Crestview plan sent back for redrafting to maintain tree stand

Planners were sent back to the drawing board after town councillors rejected an outline plan for the Crestview subdivision south of Pierview

Planners were sent back to the drawing board after town councillors rejected an outline plan for the Crestview subdivision south of Pierview because of significant opposition from residents.

The loss of a mature tree stand along the southern boundary of the Pierview neighbourhood was a major bone of contention when almost 50 people packed council chambers Monday night for a public hearing on the proposal.

Councillors directed the developer to go back and reconfigure their concept plan so the tree stand could be retained as municipal reserve. They acknowledged there would likely have to be a reduction in municipal reserve elsewhere in the plan area.

Many of the audience had already signed a petition against the proposed development south of them and written letters of opposition as well.

A lane runs along the south boundary of the Pierview subdivision and the plan was to also make it available for lots planned in the northwest corner of the Crestview subdivision.

Another concern of residents was creating R1A (Medium Lot Residential) and R5 (Narrow Lot General Residential) lots abutting their bigger lots.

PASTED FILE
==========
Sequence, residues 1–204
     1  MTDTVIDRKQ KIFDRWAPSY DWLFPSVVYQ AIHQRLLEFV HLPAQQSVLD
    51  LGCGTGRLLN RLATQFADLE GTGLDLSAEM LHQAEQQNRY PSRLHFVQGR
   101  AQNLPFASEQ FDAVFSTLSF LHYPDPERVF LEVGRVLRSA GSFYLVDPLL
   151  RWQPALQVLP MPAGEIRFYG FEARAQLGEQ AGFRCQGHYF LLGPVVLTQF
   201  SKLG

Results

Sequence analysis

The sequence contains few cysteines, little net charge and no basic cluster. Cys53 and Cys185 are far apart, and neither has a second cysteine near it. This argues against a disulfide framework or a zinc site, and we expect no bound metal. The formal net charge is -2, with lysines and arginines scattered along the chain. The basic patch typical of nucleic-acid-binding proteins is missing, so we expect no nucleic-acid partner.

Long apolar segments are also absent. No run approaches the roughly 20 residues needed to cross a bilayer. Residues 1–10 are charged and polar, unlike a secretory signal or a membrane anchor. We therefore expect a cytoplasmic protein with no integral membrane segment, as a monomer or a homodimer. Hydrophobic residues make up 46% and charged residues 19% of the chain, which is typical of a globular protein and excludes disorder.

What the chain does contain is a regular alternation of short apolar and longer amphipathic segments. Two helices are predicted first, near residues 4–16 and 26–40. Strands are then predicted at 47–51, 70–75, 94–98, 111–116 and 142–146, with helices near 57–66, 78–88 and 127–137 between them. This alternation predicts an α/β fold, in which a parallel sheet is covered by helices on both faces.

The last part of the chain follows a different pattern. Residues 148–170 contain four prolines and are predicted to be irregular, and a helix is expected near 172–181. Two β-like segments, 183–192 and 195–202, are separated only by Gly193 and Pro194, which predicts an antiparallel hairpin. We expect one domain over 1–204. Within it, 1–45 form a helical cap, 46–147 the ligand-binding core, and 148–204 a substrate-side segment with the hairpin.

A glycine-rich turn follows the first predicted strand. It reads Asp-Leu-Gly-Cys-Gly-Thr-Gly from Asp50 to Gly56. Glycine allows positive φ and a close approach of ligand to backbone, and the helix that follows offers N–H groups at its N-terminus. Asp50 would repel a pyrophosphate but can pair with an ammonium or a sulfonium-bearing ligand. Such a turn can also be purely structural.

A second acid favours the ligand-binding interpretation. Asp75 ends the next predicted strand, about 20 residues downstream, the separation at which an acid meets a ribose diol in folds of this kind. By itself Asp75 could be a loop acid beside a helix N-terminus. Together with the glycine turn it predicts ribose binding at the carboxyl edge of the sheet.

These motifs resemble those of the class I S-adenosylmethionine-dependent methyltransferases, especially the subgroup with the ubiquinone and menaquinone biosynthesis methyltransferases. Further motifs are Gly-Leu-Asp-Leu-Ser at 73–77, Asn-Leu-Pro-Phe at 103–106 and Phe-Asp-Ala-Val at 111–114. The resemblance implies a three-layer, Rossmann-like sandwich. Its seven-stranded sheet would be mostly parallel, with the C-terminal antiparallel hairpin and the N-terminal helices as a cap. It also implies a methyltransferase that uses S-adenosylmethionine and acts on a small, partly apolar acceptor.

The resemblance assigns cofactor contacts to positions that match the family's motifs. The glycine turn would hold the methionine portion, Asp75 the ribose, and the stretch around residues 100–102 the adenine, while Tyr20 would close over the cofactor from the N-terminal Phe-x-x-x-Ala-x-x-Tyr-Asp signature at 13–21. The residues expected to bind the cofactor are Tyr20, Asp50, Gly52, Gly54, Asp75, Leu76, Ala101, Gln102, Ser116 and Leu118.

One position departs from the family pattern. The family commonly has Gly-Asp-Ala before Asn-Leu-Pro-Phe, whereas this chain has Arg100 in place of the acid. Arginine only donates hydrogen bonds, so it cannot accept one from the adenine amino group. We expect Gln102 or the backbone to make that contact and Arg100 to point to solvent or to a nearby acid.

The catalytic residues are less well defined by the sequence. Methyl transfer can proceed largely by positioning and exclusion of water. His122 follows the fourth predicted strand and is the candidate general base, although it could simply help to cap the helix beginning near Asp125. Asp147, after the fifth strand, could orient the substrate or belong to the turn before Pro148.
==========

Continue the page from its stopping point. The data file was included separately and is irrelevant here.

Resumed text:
Several pointed to comments in Lamont Land’s own concept plan where a guiding principle stated “significant healthy tree stands will be retained where possible and incorporated into the Crestview neighbourhood as part of the open space system”.

Part of the company’s vision for the subdivision is “a place where nature is celebrated”.

Heather Donald was the first speaker to voice opposition during the public hearing. She noted 16 homes in Pierview back onto what the planners propose to become medium density lots. Noting the number of people who had signed a petition and the number in the audience, she said, “People care vehemently about this. It’s a place we can come home to that is restful in a time when pressures are growing. A place we can come home, discharge, just relax.”

Describing herself as not a tree-hugger, she said “I do care about what we’ve been given as a gift in natural resources. Anybody can mow down trees to build houses, plant seedlings. But you can never replace what you have in a natural tree stand. The birds will be gone. Only 20 or 30 years down the road will we get it back.” She added there’s a large variety of trees in that stand and a wide variety of wildlife. “You can’t replace what was given to us as a gift. This is natural, we should maintain it.”

Donald encouraged councillors to find “a new paradigm rather than ripping everything up and starting fresh”. She concluded her presentation by playing a CD of the sounds of chirping birds from the area.

Wayne Saastad raised issues particular to his property and boarding kennel and the “inadequate separation” from his property to the back yards of proposed lots. He also encouraged the town to not allow the developers to clear the entire quarter as was done at Beacon Hill which resulted in an environmental mess.